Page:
“The Sentience of Touch” (09:02) seems to ask the question, does perception alone not prove that a living creature is self-aware? The bird jungle morphs into synthesizer textures and wind, plus a light touch of the falling water. “Eroding Columns” (07:58) suggests a discovery of ruins in the dark wilderness. The sound continuously flows, synth textures, echoes, piano, recordings of something moving around, slow and easy.

“Shrouded Lattice” (09:19) continues the exploration of an architecture long abandoned. The synth textures, the echo, and the ghostly piano continue. Also, there are some different things moving around. Is someone talking? The words are lost. But there is a sense of the way just the sound of voices carry through any manner of distance, with mostly electronic strings, rising and falling, slow and easy.


“A Skein for Skin” (09:12)

Eventually there is a sound resembling to me like something bobbing on the mostly calm surface of the ocean, metal buoys. Skein can mean: a length of yarn, a tangled situation, also a flying flock in a “V” formation. Take your pick. I can hear distant sea birds and some kind of percussive motion in the cave, flutes in the distance, more sea birds, very quiet behind the metal buoys ringing and percussing. Now the birds sound more like whales.

“The Abiding Wheel” (07:04). Time goes by, new variations are heard. “Language of Breezes” (14:29). More metal buoys ringing and percussing. They sound isolated in the watery void. Small light synthesizer drones are in the distance. Strings bring the flute breezes, keyboards by moonlight. The breezes that speak sound like they are in a huge open area so there is lots of expansive subtlety, and the metal buoys are long gone now. The piano is so light it might be in the distance, but you can hear the reverberation in close detail, it is timeless.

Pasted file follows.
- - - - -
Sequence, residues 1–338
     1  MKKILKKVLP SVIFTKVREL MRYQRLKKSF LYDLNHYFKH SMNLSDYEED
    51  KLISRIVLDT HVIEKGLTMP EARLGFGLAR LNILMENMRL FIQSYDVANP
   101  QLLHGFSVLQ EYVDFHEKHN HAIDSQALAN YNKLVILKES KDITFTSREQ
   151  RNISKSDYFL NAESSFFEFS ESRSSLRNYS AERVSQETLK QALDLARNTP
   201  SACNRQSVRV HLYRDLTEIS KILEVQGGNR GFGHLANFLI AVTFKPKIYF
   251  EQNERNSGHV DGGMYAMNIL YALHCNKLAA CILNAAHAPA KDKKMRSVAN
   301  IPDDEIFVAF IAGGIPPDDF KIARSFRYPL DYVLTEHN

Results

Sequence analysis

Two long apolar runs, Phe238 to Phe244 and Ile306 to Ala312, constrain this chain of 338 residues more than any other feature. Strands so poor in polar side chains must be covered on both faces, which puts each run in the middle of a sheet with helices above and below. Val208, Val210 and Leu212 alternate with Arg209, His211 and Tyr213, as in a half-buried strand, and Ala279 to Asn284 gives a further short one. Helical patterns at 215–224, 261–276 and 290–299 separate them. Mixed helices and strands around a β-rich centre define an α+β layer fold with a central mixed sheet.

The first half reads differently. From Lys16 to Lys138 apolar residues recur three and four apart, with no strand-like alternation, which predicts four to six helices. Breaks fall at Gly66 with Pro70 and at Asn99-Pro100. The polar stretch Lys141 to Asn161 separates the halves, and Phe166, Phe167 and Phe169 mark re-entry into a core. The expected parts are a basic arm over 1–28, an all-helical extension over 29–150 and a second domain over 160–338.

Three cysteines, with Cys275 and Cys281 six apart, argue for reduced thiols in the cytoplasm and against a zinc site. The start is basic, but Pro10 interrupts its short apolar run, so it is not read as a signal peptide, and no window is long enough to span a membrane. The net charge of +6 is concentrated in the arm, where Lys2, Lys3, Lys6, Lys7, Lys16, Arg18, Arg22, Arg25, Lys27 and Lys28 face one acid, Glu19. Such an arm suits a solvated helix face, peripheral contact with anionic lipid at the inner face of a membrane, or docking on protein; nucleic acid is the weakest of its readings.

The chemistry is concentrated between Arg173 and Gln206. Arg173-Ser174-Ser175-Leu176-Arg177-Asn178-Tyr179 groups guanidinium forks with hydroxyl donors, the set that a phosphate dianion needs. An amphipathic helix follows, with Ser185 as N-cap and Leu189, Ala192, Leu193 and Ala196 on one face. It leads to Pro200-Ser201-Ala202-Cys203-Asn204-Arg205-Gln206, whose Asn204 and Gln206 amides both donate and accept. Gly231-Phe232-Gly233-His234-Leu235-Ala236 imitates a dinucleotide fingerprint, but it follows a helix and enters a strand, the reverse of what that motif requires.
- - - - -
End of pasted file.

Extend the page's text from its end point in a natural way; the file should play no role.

Disc two: Dislocation


Whales and breezes building…

…into a synthesizer-based woodwind fog orchestra, slow and dreamy. “Radiant Groundlines” (07:46) is followed by “Haptic Incursions” (09:14). Haptic means pertaining to touch and the mood slightly shifts to sparse twilight, with birds, with cautious percussive movement, and with slow drones. All in the big cave with deep water.

“Glassmaker’s Sand” (05:02) Behold the big cave with deep water. A slow piano emerges, the reverberations are shimmering, there is not a true melody of lyrical notes. Distant echoes of the lost sound of people talking, the birds are back too. Old and deteriorating, “Senescent Architecture” (04:29), whistling in the dark, odd recorded motion that sounds to me as if it we are hearing the sampled motion recordings played back inside a huge damp cathedral. Time goes by slowly and elegantly. The huge damp cathedral has more wind flowing through it, with the echoes of the deep-water cave.


“Heat Island Effect” (07:19)…

…with no birds. The atmosphere of cathedrals and deep water continues. “Dominion of Microns” (04:05) suggests synthesizer keyboards making the sound of winds, and some particulate motion undulates. “Tentative Unfolding” (05:46) a strange new whistling emerges from the particulate motion undulation. Things elongate. A flute bends time. Time bends for what seems like a short while.

“Elevations” (07:01) now lightly step onto a synthesizer elevator with fairly large wind chimes, going up into celestial territory. no hurry, never any hurry, but the altitude is getting extreme. The elevator falls away and we just keep going up. “Meridian Respiration” (08:46) The buoys bob in the swelling deep waters and the ancient breath of flutes soar overhead in the darkness as we bring it on home to ponder, or just dwell inside of from time to time.

You can buy Tactile Ground at the store of Spotted Peccary Music and Bandcamp.

Written by Robin James, April 25th, 2019